A Republican budget amendment could cost Ohio University up to $12 million in lost out-of-state tuition, or otherwise make it more difficult for some college students to vote in Athens. The proposal pits these two interests against each other in the Ohio House’s substitute budget bill that has passed the Republican-controlled state House of Representatives chamber and is now under consideration by the state Senate. The provision mandates that an institution of higher learning must charge in-state tuition to any student to whom it provides a letter or utility bill that can be shown to prove residency and vote in Ohio.
Under current law, a student must live in Ohio for 30 days in order to be able to vote. In order to get in-state tuition, though, a student must live in the state for 12 consecutive months.
A student ID is not an acceptable form of identification at the polls, so university students can and do request calculated utility bills or letters from the institutions to confirm residency for the purpose of voting.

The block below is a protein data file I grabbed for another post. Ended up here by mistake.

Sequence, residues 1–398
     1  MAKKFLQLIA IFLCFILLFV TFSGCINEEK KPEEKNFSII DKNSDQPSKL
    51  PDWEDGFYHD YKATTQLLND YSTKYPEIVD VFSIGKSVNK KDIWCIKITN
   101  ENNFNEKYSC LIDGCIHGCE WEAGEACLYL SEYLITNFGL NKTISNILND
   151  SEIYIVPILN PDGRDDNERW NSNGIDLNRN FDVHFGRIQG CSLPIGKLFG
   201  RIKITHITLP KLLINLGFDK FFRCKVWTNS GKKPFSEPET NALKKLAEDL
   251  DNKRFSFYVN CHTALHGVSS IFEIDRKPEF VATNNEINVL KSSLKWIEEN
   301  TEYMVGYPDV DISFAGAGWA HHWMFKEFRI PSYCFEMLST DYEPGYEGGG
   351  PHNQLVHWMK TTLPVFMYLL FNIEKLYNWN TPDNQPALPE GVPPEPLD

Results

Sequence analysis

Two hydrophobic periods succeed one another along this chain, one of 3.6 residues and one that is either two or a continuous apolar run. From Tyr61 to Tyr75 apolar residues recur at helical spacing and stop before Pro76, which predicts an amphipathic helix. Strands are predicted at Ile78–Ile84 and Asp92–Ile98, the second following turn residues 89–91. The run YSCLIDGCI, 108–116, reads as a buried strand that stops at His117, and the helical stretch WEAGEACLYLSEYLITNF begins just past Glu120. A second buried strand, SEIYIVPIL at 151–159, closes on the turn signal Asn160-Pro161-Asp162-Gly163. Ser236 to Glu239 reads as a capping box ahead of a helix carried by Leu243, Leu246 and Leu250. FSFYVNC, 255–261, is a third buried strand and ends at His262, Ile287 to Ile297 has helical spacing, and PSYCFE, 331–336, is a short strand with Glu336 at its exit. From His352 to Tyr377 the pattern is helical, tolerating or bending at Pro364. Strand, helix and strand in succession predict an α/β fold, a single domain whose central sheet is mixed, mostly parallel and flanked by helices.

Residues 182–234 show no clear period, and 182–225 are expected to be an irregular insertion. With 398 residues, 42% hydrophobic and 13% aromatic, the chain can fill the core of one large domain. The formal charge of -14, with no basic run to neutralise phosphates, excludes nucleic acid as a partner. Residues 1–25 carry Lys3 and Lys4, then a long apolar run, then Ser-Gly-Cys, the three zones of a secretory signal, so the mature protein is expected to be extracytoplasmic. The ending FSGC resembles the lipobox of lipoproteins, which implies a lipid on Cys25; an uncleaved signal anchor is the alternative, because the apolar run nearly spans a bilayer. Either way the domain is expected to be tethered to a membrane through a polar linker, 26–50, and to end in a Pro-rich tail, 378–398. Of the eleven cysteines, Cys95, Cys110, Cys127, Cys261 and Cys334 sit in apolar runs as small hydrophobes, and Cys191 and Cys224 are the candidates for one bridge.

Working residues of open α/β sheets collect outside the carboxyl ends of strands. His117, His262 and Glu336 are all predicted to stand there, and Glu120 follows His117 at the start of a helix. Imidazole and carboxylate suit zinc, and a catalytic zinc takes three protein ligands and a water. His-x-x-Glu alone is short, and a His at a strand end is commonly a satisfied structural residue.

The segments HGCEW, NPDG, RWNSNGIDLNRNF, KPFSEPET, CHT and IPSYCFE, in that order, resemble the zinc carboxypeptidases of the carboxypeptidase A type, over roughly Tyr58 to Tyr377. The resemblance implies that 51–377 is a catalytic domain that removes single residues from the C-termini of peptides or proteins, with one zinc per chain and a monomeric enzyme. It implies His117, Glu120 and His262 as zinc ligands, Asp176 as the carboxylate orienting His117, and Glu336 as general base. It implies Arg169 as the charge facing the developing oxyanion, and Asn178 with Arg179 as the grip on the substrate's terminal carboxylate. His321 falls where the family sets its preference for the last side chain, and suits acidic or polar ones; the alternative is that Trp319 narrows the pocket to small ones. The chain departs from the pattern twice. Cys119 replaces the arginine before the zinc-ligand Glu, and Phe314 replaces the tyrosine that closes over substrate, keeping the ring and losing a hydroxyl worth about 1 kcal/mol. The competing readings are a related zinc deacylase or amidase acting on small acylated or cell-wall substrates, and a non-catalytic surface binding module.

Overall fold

The language of the Republican House proposal, however, states that the chancellor for determining student residency “shall grant residency to a student to whom a state institution of higher learning issues a letter or utility bill for use as proof that the student is a qualified elector in this state.”
In a second paragraph, however, it states that this determination will not extend beyond the tuition impact. “Nothing (this) division of this section shall be used to grant residency to a student for any purpose other than for state subsidy and tuition surcharge purposes.”
This means that residency for tuition purposes and voting purposes would now be the same – 30 days – but otherwise wouldn’t apply to any other circumstance.